Mesothelioma symptoms tend to develop gradually, and earlier symptoms are often confused for illnesses that are more amenable to treatment. For example, the cough, difficulty breathing, and chest pain experienced in pleural mesothelioma is often seen in lung infections such as pneumonia. Typically, once symptoms are more pronounced the cancer is fairly advanced and treatment becomes less effective.
In advanced pleural mesothelioma, chest pain and pain under the ribcage may become more pronounced; back pain may also be present. Coughing may be present; blood may also be coughed up. Hoarseness and swelling of the face and arms may be seen. Patients may also experience muscle weakness and sensory loss. In advanced peritoneal mesothelioma, abdominal symptoms become more pronounced. These include a swelling or lump in the abdomen, abdominal distension due to a collection of fluid in the abdominal cavity, abdominal pain, constipation due to bowel obstruction, nausea and vomiting, and appetite loss. If there is a lot of abdominal fluid, breathing may become increasingly difficult. The feet may become swollen. In advanced pericardial mesothelioma, coughing, worsening breathlessness, palpitations and chest pain may be experienced.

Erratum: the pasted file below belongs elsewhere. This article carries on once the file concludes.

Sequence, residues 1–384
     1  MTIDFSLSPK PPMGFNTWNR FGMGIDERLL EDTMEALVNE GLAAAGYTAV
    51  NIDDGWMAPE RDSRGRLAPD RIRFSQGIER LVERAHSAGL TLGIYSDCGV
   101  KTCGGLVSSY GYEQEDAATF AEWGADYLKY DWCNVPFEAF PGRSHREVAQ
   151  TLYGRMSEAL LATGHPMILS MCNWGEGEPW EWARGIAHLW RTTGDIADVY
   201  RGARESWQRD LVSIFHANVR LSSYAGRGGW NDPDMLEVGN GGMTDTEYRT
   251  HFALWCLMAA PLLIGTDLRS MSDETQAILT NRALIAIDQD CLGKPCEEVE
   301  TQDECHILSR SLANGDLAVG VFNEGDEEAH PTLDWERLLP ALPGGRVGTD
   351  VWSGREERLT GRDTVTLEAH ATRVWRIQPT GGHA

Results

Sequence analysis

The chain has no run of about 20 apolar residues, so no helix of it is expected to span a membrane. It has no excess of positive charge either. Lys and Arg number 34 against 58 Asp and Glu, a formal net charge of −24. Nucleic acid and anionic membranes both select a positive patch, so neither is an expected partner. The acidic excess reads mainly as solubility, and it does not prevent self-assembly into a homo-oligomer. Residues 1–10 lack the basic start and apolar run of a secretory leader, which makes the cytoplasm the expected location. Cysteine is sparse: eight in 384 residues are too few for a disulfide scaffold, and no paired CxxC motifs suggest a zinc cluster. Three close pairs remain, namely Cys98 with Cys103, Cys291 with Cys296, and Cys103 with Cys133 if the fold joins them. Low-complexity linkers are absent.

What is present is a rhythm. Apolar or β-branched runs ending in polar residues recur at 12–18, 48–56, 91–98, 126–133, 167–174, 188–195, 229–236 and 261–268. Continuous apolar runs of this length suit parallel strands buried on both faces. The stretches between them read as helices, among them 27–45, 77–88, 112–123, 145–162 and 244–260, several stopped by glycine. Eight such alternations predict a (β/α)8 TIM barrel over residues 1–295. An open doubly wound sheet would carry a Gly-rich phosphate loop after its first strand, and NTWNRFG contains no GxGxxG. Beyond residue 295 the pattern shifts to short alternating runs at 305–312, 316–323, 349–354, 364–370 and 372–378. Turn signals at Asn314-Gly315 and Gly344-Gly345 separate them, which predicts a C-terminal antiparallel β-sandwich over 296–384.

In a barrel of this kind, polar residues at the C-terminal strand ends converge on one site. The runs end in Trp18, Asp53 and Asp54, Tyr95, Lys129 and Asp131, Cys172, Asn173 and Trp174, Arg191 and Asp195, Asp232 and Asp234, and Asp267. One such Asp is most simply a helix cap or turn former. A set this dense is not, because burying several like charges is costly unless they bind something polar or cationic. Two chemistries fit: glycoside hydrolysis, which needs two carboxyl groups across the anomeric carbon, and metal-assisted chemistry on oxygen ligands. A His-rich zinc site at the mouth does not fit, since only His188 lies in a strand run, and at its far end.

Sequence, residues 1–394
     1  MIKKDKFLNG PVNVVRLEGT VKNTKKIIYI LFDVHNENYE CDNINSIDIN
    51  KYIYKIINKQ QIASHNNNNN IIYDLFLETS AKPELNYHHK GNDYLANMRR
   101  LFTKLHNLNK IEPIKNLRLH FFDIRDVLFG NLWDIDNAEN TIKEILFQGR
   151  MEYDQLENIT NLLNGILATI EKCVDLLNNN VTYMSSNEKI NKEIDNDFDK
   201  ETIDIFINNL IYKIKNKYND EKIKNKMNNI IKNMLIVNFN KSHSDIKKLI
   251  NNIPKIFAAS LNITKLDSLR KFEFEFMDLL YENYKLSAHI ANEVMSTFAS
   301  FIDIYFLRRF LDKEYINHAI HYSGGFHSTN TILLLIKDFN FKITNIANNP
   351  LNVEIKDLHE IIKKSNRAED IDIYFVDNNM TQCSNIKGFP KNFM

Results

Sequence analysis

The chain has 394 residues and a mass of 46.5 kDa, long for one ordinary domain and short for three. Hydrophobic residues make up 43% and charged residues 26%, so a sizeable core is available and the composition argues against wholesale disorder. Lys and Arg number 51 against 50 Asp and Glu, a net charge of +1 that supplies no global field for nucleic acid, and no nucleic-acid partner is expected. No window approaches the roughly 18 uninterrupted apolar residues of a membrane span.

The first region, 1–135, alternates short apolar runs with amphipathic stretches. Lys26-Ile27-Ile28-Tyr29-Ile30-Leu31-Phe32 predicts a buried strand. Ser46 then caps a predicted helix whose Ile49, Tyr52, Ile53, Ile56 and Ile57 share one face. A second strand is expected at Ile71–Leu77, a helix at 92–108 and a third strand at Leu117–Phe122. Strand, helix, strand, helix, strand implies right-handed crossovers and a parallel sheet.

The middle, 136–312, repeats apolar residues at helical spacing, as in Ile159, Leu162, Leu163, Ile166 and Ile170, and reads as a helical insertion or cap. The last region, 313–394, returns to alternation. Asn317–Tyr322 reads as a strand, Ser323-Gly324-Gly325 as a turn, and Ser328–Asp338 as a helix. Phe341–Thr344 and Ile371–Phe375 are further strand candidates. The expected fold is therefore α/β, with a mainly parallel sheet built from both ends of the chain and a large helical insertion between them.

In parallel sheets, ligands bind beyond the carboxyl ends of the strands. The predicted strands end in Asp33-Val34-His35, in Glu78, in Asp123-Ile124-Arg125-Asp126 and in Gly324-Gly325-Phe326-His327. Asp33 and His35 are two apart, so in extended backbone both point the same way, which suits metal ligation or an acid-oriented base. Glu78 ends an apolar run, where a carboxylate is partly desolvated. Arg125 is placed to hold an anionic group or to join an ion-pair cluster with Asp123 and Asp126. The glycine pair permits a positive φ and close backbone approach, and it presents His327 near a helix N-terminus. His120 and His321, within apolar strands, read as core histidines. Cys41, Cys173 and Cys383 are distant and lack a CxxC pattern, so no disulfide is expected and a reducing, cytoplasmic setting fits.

In all types of malignant mesothelioma, generalized symptoms such as fever, unexplained weight loss and fatigue are usually present. Patients with advanced mesothelioma are usually offered palliative treatment to reduce the discomfort from their symptoms. Pleural or abdominal fluid collections may be drained, and substances that prevent further formation and collection of fluid may be placed in the pleural or abdominal cavities. Surgery or radiotherapy may reduce some of the obstructive symptoms, and radiotherapy may be used to reduce pain. One or more anti-cancer drugs may also be used. A number of clinical trials are ongoing to find better ways to provide symptomatic relief to people with advanced malignant mesothelioma.